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Quick construction was crucial for St Paul’s kiosk

Posted on by in News

(Photo: Zander Olsen)

A new and distinctive steel framed kiosk has recently been erected in front of one of London’s most famous landmarks in one overnight programme.

The new visitor information centre in St Paul’s Churchyard had to be fabricated off-site and erected in one day because of the confined site and the need to minimise daytime disruption.

Consequently, architects for the project, Make, designed a structure that combines both simplicity and efficiency, while also being robust enough to resist deflection while being transported and lifted into position.

Nick Scott, Project Manager for Watson Steel, said: “Speed was critical to the project and the main structure, which consists of two 22m-long trusses each weighing 8.5t, was brought to site and erected during one Sunday night.”

“We came back on the following Tuesday and installed the roof steel and then painted the steelwork the next day, which completed our work,” said Mr Scott.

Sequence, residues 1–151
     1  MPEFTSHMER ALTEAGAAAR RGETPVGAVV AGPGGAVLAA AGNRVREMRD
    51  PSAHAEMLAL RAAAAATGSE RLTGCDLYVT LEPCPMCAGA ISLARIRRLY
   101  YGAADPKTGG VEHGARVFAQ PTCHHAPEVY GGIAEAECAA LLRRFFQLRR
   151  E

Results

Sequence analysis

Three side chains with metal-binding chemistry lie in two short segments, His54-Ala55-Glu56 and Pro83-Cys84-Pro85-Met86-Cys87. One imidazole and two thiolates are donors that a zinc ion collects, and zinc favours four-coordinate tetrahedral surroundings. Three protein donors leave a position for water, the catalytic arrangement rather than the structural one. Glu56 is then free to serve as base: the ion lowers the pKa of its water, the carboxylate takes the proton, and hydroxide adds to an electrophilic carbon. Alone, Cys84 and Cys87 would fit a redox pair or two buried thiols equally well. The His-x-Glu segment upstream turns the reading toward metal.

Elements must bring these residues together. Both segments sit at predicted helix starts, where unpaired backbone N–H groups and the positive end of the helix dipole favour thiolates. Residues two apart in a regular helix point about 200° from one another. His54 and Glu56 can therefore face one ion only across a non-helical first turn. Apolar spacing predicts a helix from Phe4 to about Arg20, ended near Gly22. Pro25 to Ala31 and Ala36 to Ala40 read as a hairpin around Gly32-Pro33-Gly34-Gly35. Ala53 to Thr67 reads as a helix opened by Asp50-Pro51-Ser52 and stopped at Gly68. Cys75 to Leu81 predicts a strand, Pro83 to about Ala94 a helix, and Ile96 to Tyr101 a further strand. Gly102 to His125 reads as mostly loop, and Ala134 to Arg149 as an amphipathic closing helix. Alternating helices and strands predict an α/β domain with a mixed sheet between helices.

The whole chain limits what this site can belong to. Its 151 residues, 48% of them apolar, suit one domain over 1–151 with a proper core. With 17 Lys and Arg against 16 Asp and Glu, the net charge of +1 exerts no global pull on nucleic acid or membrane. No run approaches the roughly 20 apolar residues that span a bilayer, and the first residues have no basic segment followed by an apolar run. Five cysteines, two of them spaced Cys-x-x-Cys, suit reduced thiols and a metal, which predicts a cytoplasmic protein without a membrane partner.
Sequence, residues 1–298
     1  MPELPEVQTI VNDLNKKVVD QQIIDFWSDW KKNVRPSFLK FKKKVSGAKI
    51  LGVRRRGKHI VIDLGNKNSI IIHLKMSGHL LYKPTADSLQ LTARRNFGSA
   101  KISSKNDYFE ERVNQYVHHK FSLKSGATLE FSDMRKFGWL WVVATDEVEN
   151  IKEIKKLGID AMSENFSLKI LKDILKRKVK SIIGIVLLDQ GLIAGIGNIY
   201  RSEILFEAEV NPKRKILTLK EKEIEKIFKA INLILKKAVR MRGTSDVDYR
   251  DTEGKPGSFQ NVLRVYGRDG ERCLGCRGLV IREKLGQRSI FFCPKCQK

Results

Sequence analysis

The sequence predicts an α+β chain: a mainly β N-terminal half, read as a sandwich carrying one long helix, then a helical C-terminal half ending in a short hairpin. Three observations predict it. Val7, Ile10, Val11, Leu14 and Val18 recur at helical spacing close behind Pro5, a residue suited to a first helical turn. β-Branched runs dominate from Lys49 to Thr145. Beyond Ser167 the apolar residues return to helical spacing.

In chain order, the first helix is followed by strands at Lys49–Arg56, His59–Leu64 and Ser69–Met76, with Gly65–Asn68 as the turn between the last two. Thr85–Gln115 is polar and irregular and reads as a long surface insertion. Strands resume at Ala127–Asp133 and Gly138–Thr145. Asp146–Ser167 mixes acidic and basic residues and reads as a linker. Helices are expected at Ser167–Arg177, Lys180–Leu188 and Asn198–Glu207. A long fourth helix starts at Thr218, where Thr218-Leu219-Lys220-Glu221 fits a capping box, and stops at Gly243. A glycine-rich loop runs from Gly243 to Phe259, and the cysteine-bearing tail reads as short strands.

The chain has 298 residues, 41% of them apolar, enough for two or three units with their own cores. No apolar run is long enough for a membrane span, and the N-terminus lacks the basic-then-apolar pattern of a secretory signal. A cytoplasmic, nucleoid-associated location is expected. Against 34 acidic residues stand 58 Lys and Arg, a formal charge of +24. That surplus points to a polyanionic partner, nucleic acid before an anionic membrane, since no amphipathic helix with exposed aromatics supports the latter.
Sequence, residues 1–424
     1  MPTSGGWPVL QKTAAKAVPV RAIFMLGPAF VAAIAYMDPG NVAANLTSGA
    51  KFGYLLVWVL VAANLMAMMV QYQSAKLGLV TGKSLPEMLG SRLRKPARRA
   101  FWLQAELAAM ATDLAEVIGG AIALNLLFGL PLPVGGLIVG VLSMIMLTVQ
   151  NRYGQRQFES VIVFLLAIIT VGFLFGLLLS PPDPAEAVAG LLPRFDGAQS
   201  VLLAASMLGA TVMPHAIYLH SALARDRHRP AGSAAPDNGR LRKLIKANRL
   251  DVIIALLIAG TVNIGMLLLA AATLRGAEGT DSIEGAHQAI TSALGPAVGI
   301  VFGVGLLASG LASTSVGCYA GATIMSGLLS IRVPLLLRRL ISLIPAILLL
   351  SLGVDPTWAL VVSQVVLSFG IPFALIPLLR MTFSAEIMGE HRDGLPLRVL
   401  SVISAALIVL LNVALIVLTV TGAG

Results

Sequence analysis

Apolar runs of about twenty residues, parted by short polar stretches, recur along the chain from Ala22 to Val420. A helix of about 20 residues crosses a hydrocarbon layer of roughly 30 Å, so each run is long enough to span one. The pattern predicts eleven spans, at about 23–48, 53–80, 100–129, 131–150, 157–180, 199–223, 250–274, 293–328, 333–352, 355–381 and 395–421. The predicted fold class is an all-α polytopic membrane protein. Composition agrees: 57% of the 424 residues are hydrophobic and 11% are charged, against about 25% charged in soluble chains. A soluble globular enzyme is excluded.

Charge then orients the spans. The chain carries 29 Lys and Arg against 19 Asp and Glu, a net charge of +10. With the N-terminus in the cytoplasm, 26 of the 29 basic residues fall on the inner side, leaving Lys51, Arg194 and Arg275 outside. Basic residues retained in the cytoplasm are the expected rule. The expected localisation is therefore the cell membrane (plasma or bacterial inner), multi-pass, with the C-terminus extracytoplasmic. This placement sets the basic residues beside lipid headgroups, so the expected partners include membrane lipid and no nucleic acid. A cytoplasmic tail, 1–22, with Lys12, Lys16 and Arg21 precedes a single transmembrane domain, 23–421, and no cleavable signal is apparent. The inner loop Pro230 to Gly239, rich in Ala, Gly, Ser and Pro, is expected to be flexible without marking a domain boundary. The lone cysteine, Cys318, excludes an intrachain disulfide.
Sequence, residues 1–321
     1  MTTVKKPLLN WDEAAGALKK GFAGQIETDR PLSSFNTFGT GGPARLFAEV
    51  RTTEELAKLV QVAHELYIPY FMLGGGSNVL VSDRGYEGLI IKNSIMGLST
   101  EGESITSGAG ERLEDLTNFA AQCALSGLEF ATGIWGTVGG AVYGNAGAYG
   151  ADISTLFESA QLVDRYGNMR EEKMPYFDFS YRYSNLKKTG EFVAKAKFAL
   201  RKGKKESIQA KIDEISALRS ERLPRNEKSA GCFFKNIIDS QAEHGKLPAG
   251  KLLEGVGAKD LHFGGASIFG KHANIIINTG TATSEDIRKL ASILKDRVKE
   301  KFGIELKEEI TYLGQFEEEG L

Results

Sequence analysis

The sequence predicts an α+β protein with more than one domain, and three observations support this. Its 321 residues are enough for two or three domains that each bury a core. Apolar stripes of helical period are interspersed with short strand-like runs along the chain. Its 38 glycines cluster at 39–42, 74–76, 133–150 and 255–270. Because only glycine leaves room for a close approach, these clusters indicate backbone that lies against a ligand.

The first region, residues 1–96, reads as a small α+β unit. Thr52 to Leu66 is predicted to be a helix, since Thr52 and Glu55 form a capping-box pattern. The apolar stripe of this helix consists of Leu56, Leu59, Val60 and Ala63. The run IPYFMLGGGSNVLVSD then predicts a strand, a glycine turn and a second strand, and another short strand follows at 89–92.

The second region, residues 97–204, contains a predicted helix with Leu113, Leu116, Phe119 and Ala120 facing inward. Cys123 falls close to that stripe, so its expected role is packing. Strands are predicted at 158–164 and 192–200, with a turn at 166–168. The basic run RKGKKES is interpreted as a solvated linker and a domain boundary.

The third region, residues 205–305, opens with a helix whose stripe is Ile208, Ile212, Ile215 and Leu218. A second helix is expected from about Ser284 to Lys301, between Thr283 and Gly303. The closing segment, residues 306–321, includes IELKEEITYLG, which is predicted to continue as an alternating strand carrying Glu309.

The two trusses slope upwards to sharp points either side of the main entrance. They are made up of a series of hollow sectioned rectangular steel ribs laid in parallel like fish bones. These ribs coincide with the joins in the stainless steel cladding panels so that these can be bolted directly through plywood sheathing to the structural frame.

Watson Steel fabricated the trusses in its workshops in Bolton with precision welding that would not have been possible on site.

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